Fake check schemes, or advanced fee check cashing fraud, are one of the most common scams that criminals use to trick victims into giving away their hard-earned money. It's so popular that it was named the number one scam of 2009 by the National Consumers League.
The advance fee scam promises victims a larger winning for cashing a check and wiring a portion of it back, often to cover taxes on a fake lottery. When you read about this type of thing, it's easy to think that no one you know would fall for a scam like this. But when you see an authentic-looking check for close to $4,000, it's easy to understand why the trick works.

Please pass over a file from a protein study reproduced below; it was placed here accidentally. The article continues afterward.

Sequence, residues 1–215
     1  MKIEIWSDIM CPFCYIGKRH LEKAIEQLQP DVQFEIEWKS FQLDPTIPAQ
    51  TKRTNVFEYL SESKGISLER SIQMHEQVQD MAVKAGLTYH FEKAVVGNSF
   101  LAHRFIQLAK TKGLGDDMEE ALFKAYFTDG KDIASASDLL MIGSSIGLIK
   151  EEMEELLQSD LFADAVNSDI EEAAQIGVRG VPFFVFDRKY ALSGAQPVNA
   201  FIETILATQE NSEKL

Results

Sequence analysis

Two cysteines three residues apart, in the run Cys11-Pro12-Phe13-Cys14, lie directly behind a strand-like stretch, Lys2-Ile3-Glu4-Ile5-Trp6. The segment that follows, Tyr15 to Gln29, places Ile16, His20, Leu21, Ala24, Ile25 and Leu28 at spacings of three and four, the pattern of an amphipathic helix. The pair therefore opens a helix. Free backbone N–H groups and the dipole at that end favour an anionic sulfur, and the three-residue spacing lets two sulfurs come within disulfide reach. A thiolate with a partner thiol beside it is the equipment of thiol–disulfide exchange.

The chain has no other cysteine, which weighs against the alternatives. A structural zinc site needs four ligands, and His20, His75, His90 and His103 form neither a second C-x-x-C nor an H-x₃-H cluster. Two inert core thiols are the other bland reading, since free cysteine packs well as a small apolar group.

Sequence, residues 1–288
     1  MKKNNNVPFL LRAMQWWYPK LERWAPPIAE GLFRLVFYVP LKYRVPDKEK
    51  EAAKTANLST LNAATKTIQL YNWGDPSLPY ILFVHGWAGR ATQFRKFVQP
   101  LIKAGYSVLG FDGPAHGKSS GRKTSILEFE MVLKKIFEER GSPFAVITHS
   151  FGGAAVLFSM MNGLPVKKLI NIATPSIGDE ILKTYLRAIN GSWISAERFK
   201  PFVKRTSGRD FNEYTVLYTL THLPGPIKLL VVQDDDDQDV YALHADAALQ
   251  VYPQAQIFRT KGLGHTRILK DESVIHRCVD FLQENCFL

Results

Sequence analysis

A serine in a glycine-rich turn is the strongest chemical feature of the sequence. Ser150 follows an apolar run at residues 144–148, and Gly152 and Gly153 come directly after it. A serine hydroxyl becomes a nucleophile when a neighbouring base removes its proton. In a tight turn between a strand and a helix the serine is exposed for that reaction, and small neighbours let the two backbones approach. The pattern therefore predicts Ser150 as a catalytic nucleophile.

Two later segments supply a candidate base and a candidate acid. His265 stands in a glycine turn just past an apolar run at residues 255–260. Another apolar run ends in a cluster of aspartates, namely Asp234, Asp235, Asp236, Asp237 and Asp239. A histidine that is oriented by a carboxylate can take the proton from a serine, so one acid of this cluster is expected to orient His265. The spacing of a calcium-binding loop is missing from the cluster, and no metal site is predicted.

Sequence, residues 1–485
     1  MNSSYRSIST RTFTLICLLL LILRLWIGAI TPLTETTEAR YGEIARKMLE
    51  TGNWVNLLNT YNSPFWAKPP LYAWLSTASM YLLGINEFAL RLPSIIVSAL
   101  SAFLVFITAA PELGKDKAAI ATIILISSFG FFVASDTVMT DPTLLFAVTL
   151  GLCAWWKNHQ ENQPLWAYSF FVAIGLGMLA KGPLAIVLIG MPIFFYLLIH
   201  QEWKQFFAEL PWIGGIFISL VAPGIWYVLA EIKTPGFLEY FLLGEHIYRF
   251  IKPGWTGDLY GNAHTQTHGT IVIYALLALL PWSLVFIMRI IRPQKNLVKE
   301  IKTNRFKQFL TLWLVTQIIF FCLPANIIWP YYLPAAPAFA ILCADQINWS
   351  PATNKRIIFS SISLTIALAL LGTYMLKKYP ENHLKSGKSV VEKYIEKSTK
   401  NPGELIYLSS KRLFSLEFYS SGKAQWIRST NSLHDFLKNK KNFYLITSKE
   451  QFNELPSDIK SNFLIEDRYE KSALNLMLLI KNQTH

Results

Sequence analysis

A friend recently received a letter informing him that he won $125,000 in the "Customer Compensation and Appreciation Bonanza" and had been advanced the cost of taxes plus an additional $1,000. To claim his winnings all he had to do was call a claim agent, wire $3,000 to a "Government tax agent" and wait for the money to come rolling in.
While the letter was full of tip-offs such as spelling errors, capitalization issues and a weird notice at the top claiming numerous financial services, the actual check was incredibly real looking; right down to a security image and perforated edge. One final glaring issue is the inclusion of three addresses and three businesses on the correspondence.
Here's a look at the check he received:
As well as the letter:
What a fake lottery check cashing scam looks like